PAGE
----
"smells like subway in here," the dude with the blazer said. "yeah," i said, "it sucks." "yeah," he said, "it would probably get annoying after a while." my apartment smells like subway. that is one bad thing about my apartment. the dudes got to lifting the monstrosity out of my apartment. luckily, it only took them two tries to get it through my doorway. i helped a little bit, but not really. blazer said he was gonna go to his truck to get the bungee cords or something. i stood in the hallway with the couch and the zumiez kid. we got to talking.

"so, are you moving out, too?" zumiez asked me. "yeah," i said, "eventually. i don't know when. i'm just trying to pare things down." "oh." "you guys live in renton?" i asked. he looked somewhat afraid when i asked him this. maybe it was his first time meeting a craigslister and he assumed we were all sexual predators. "i live in lake stevens," he said, quietly. i like to think that he was thinking, please don't have your asian gang pay me a visit there. "cool," i said. "are you guys in school?" "yeah." "where do you go?" i asked. again, he looked uncomfortable with me giving him the third degree.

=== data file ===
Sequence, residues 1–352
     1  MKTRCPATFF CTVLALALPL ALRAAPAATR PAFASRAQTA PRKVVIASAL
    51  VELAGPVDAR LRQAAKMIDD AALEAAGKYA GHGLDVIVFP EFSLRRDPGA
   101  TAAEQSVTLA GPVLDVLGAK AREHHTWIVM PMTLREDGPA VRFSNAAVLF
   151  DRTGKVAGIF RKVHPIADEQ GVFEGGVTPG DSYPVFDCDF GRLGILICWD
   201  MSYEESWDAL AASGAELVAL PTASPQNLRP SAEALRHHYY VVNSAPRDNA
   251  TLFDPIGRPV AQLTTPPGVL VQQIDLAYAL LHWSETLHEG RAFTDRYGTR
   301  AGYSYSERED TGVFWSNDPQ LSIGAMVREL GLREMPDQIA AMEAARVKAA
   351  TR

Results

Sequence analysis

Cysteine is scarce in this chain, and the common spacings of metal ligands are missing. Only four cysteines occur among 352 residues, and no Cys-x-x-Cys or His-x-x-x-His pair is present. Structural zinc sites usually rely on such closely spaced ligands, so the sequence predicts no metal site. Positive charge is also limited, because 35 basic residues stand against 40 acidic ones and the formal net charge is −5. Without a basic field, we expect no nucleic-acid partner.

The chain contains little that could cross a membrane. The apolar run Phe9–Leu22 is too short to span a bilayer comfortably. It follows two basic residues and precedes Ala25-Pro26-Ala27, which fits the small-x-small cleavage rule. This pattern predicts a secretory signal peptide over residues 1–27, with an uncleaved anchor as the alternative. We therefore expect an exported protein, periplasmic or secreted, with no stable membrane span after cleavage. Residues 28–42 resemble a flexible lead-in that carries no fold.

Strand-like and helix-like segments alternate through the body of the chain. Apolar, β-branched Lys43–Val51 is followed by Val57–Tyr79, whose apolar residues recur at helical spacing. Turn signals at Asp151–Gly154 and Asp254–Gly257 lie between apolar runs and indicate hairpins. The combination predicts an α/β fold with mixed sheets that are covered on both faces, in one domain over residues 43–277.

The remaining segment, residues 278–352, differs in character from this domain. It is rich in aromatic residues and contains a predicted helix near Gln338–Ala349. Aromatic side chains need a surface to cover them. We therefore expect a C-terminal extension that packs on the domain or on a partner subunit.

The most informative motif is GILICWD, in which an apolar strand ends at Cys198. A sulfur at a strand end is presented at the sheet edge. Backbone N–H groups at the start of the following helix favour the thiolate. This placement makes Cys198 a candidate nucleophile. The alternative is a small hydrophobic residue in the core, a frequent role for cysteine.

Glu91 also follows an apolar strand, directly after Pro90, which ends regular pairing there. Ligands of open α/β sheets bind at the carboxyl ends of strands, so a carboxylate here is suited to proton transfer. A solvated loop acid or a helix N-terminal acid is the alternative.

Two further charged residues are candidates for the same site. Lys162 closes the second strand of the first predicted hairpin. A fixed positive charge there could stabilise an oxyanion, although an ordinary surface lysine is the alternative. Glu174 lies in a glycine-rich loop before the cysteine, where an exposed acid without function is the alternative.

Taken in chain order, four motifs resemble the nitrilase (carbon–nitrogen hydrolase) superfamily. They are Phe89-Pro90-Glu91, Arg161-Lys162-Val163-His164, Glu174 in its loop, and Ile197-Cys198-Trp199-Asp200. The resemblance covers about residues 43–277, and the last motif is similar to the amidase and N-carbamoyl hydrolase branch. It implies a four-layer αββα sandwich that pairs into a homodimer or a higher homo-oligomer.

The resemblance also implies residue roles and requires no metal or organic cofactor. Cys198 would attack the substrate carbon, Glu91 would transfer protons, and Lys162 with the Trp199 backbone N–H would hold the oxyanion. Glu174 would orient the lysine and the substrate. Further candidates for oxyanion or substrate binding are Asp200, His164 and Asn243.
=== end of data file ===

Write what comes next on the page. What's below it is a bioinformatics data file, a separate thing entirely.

"we go to the art institute." "cool," i said. "yeah, it's pretty awesome," he said. "you know, like a lot of people don't really know what they want to study or what they're gonna do with it..." yeah, you're talking to one of those people, asshole. "but you know, i've always been into video and being creative. it's really great to be creative and everyone knows whether they're going to be an editor or director or whatever." what a nice kid, i thought. i wonder if he'll still be so nice when he has his degree.

the guys loaded the nasty couch onto the back of their red pickup truck. i saw a black man crossing the street. suddenly, zumiez kid said, "this is a pretty rough neighborhood, huh?" i should've lied. yeah, this is the fuckin' worst part of seattle, man. i'm surprised the thugs on my block haven't shot your white ass down yet. you'd better haul ass out of here, man! get the fuck out while you can! "no," i said. "it's a good neighborhood. there are some nice restaurants down the block." it weirded me out a little bit, that this kid was afraid of a neighborhood like columbia city.